|From random blog photos|
Deanna and Mason on the bus
It’s Sunday in Brisbane, and yet another warm, clear day. The quick update is this: Mason turned four-months-old yesterday, we’ve been here for a month, all of the campus orientation events are through and classes start tomorrow.
I’ve met all of the fellows, and they live up to their billing. It’s an extraordinary group of people and I can’t wait to dig into these classes together. The Class VI fellows had a little welcoming party for the Class VII fellows Friday night and I re-connected with some of them that I had met before when I visited Brisbane about a year ago.
One of the pre-requisites for the Rotary World Peace Fellowship is that we are required to have at least three years of field work before we apply, so the people I’ll be studying with have rich field experience in peace and development work before they even show up. I’m eager to know more about their histories, and I woke up this morning musing about a random conversation I had yesterday, and determined to record these stories in a more organized way.
Yesterday Deanna and I were waiting for a bus into town and we started talking with a woman who was also waiting. We were going to a museum and she was headed to a lapidary show. I naturally asked if she works with precious stones and she said that she used to, that she did much more of it when she lived in Canada. Conversation about Canada led to the talk about the gorgeous forests there, which led to her telling us about the time she spent in a maximum-security prison.
Yep. Marcel, as her name turned out to be, was imprisoned by the Canadian government in the early nineties for taking part in the largest civil disobedience in Canadian history, where, over the course of several months, about three thousand people sat on the road in front of bulldozers to protect some of the last remaining old-growth forests there. I wasn’t surprised that she did jail time, but maximum security for a non-violent protest? It seems that the judge that tried her case was a former employee of the logging company they were resisting, and she was in the first group of fifty to be arrested (with 700+ to follow), so they wanted to make an example of them.
She wasn’t bitter about it, and our conversation was pleasant and encouraging on the whole. She had some powerful stories to tell about the corruption of the court system and the governmental agencies charged with regulating logging, but she also told us about various ways in which the demonstration had been successful – exposing some of that corruption and in the end, changing some of the rules for the better. I got the impression that while the price she payed was high, it was worthwhile.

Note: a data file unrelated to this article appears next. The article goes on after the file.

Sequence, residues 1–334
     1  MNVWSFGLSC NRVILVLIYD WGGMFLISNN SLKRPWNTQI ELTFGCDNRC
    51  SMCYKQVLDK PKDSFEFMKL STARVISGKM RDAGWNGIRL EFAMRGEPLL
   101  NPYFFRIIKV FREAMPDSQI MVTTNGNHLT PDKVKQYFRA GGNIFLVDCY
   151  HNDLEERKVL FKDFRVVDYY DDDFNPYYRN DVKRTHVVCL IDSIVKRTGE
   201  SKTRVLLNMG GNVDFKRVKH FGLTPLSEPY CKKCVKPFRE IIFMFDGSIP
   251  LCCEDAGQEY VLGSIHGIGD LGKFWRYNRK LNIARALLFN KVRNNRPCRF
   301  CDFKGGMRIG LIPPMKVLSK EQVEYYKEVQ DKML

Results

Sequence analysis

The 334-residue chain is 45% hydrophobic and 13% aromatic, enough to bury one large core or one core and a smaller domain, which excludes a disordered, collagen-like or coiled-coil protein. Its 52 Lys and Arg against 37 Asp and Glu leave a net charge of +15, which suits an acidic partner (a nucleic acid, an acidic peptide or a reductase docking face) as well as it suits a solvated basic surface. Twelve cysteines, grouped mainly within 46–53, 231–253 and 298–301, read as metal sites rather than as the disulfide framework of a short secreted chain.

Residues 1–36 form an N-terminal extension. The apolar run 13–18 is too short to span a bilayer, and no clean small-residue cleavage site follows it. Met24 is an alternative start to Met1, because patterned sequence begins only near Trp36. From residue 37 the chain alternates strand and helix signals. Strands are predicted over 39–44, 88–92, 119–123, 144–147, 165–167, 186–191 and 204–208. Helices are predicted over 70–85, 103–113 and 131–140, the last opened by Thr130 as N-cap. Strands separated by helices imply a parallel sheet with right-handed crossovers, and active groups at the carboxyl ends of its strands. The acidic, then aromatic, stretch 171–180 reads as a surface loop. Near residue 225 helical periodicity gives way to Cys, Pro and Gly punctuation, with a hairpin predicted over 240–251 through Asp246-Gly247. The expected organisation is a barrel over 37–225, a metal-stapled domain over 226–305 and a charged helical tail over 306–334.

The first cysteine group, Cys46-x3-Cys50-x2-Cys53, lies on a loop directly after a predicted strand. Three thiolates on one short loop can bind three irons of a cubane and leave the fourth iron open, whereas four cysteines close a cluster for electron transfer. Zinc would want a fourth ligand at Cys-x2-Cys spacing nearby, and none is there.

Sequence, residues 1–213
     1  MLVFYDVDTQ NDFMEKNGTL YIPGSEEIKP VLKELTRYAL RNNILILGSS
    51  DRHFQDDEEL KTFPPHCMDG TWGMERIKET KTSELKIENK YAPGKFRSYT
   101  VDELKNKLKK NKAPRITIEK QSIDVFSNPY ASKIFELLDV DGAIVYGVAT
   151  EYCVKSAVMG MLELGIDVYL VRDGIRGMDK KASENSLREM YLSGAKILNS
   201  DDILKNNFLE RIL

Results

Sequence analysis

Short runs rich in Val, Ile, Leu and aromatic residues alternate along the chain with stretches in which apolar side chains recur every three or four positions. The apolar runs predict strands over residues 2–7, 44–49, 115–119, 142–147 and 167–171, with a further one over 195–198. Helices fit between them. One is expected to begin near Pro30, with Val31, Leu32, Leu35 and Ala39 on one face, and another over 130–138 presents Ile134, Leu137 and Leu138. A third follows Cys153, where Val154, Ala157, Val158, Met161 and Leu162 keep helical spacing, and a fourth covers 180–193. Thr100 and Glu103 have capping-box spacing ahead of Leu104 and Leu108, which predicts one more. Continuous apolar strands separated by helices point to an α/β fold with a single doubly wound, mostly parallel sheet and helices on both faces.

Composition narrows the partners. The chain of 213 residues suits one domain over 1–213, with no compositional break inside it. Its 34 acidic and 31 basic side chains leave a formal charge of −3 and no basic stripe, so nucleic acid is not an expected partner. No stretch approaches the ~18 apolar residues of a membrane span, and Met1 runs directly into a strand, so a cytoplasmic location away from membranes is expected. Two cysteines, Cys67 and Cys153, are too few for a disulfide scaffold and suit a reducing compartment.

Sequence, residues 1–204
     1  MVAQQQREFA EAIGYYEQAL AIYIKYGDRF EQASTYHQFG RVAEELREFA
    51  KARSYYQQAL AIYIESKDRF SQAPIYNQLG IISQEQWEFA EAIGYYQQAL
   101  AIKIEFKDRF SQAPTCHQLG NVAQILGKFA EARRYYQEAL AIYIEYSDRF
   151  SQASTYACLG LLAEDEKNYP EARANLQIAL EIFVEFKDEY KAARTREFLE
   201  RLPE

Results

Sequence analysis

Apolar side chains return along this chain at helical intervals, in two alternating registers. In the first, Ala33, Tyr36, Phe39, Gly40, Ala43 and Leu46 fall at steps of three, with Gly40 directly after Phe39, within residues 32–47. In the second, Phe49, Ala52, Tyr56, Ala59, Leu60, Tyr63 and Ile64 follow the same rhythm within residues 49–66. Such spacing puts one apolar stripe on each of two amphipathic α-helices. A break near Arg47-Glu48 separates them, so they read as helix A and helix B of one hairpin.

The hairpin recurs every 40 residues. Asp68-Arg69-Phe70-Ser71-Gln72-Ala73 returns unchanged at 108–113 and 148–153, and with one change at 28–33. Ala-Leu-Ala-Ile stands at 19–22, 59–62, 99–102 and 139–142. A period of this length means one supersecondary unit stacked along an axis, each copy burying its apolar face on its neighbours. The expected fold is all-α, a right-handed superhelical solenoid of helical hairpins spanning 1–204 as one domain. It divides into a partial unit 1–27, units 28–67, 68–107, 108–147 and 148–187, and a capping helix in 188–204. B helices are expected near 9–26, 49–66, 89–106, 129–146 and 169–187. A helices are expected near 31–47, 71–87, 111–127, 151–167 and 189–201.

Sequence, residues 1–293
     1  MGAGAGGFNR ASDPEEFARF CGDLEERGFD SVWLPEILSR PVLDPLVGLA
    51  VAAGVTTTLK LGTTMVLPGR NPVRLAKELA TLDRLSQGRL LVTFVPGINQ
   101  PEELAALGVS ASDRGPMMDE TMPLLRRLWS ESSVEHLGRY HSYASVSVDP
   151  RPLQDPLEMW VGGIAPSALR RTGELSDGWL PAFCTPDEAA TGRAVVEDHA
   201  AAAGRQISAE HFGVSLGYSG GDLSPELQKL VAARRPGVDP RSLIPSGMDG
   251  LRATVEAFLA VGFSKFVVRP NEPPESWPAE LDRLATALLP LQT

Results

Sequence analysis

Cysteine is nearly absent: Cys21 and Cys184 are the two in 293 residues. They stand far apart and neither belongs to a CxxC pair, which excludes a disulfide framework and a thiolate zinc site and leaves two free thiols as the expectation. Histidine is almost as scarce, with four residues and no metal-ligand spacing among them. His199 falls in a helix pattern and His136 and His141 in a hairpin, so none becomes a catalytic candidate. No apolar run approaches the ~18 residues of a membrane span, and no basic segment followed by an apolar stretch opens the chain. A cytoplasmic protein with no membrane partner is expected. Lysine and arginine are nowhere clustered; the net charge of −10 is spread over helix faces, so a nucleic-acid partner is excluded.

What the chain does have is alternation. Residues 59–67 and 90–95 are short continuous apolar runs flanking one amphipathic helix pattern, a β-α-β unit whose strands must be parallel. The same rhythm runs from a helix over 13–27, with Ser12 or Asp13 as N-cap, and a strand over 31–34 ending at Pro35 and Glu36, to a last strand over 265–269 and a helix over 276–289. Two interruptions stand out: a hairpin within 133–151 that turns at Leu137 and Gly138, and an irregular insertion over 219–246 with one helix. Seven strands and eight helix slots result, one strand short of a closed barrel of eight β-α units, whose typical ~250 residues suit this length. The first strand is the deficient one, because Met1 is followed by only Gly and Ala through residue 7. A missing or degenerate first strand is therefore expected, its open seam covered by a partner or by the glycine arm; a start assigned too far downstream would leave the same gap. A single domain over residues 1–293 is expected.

And this was a conversation at a bus stop, not related to my studies in any way.
Early in the conversation, though, Marcel said something that really struck me. She said (paraphrasing from memory), “There are so many people doing good work in the world, but there aren’t enough people telling those stories, so people tend to think they’re alone and get discouraged.”
She said those words without knowing the first thing about me or my passion for re-telling those stories, but her casual comment served to crystallize an idea I’ve been stewing on for a while. My plan is to interview people who have been out there doing the work and study the common threads among them in terms of their world views and philosophies, as well as what nourishes and sustains them. I’m embarking on a masters degree program tomorrow, of course, so I won’t make any promises about the frequency of these posts, but my hope is to share them with you fairly regularly here on this blog.
So, though I didn’t really get to interview Marcel in the way I hope to interview some others in the future, she pointed me in a new direction, or at least gave me a new sense of focus, with a casual comment at a bus stop.
And that’s how the world changes. One more bit of evidence for my contention that it’s not foolish to think you can change the world. It’s foolish to think you can be in the world and not change it.
Wish me luck and hold me in the Light as I jump in to classes tomorrow. I’m a little daunted, and joyful too.
Oh, and on a lighter topic, I’ll put up some video of Mason soon.